Thinking as Communicating: Human Development, the Growth of Discourses, and Mathematizing

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Cambridge University Press, Jan 21, 2008 - Psychology
This book is an attempt to change our thinking about thinking. Anna Sfard undertakes this task convinced that many long-standing, seemingly irresolvable quandaries regarding human development originate in ambiguities of the existing discourses on thinking. Standing on the shoulders of Vygotsky and Wittgenstein, the author defines thinking as a form of communication. The disappearance of the time-honoured thinking-communicating dichotomy is epitomised by Sfard's term, commognition, which combines communication with cognition. The commognitive tenet implies that verbal communication with its distinctive property of recursive self-reference may be the primary source of humans' unique ability to accumulate the complexity of their action from one generation to another. The explanatory power of the commognitive framework and the manner in which it contributes to our understanding of human development is illustrated through commognitive analysis of mathematical discourse accompanied by vignettes from mathematics classrooms.

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1 Puzzling about Mathematical Thinking
2 Objectification
3 Commognition
4 Thinking in Language
5 Mathematics as a Form of Communication
5x + 8 7x + 4 x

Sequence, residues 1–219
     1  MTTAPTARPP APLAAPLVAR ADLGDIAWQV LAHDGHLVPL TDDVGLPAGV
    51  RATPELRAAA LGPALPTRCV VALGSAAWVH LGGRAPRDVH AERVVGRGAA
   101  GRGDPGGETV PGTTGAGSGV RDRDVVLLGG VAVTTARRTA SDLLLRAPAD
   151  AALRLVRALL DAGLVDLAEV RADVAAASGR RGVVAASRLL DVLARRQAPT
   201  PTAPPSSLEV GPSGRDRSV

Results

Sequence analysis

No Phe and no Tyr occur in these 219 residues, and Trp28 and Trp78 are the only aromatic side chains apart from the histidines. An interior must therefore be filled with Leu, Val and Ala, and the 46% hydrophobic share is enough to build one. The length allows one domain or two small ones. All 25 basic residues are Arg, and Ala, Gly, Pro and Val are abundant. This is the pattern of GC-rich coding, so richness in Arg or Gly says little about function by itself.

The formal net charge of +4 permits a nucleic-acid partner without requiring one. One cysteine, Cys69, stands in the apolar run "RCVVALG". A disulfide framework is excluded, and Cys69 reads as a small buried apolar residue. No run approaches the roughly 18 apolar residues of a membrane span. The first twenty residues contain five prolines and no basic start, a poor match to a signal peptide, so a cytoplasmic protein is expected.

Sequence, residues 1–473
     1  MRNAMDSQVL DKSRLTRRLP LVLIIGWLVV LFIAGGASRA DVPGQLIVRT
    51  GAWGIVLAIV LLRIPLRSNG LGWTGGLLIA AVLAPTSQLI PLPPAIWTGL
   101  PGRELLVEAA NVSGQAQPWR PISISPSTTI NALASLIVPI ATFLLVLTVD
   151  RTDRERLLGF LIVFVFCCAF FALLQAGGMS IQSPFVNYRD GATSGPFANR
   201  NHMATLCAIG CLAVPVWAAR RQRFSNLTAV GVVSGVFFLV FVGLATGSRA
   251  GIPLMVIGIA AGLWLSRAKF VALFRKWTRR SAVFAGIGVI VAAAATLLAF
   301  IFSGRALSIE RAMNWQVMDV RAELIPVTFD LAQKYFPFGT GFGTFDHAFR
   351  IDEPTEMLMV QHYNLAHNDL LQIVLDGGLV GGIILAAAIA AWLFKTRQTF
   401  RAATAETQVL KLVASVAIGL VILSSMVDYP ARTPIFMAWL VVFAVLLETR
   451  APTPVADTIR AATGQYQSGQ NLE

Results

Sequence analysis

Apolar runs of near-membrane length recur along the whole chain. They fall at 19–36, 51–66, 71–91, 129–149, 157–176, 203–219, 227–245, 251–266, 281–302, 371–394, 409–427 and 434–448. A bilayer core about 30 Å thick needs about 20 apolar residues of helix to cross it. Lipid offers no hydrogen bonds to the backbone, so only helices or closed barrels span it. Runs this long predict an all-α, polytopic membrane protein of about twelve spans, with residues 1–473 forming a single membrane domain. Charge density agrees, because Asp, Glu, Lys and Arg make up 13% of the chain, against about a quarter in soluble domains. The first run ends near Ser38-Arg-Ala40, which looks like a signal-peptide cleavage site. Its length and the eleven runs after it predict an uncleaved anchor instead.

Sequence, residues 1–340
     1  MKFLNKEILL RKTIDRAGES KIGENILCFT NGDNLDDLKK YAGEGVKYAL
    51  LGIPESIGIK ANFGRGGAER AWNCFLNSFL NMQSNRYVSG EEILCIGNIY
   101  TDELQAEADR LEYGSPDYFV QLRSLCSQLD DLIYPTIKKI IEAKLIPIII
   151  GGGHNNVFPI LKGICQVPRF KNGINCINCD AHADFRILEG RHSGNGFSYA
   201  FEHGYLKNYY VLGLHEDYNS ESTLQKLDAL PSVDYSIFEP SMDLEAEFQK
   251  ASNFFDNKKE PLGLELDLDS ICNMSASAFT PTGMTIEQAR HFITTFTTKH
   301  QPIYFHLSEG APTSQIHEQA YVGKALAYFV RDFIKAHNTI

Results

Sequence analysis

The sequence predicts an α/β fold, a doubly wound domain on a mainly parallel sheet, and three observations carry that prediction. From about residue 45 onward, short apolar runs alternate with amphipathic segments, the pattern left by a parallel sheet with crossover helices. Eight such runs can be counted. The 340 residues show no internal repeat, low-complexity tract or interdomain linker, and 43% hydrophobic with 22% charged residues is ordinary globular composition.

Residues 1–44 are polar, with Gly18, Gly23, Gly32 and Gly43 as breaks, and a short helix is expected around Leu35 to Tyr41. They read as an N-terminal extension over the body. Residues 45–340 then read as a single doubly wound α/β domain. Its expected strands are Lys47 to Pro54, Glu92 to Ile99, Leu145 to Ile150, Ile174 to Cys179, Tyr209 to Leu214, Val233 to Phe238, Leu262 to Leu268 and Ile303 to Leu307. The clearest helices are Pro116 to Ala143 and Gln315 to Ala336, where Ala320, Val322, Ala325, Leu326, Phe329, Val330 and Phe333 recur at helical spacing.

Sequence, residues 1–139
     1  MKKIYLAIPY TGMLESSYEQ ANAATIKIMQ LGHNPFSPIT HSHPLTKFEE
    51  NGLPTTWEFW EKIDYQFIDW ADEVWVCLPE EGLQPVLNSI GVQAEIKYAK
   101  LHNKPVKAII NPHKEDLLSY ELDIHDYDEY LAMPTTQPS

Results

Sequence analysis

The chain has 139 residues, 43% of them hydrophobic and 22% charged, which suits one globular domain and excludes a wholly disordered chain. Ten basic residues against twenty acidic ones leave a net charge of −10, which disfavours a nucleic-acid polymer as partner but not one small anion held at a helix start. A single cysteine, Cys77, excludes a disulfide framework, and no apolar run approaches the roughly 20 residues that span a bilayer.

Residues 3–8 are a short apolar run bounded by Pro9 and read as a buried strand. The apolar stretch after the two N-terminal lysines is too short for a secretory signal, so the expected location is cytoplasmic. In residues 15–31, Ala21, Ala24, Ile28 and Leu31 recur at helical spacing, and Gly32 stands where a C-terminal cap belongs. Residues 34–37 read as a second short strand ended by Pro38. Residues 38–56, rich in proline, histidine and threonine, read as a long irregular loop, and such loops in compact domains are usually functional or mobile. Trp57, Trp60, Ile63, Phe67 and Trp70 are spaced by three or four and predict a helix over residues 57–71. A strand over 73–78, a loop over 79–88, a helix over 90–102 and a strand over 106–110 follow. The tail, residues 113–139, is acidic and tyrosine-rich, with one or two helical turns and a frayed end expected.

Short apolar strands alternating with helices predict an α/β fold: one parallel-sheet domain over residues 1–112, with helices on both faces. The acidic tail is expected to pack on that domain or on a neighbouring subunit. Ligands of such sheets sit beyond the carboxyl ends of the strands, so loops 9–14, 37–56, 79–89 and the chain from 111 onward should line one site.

Endorsed narratives on
Figure 66 Fourstage model of the development of word use
7 Routines
8 Explorations Deeds and Rituals
9 Looking Back and Ahead

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About the author (2008)

Anna Sfard's research focuses on the development of mathematical discourses in individual lives and in the course of history. In a series of studies in Israel, Canada, and the United States, she has been investigating the development of mathematical thinking in both history and individual learning. Results of these studies, both theoretical and empirical, have been published in more than 100 articles and edited volumes, many of which have been widely cited. The recipient of the 2007 Freudhental Medal for research in mathematics education, she is a Professor of Mathematics Education at the University of Haifa, the first holder of the Lappan-Phillips-Fitzgerald endowed chair in Michigan State University, and a Visiting Professor at the Institute of Education in London.

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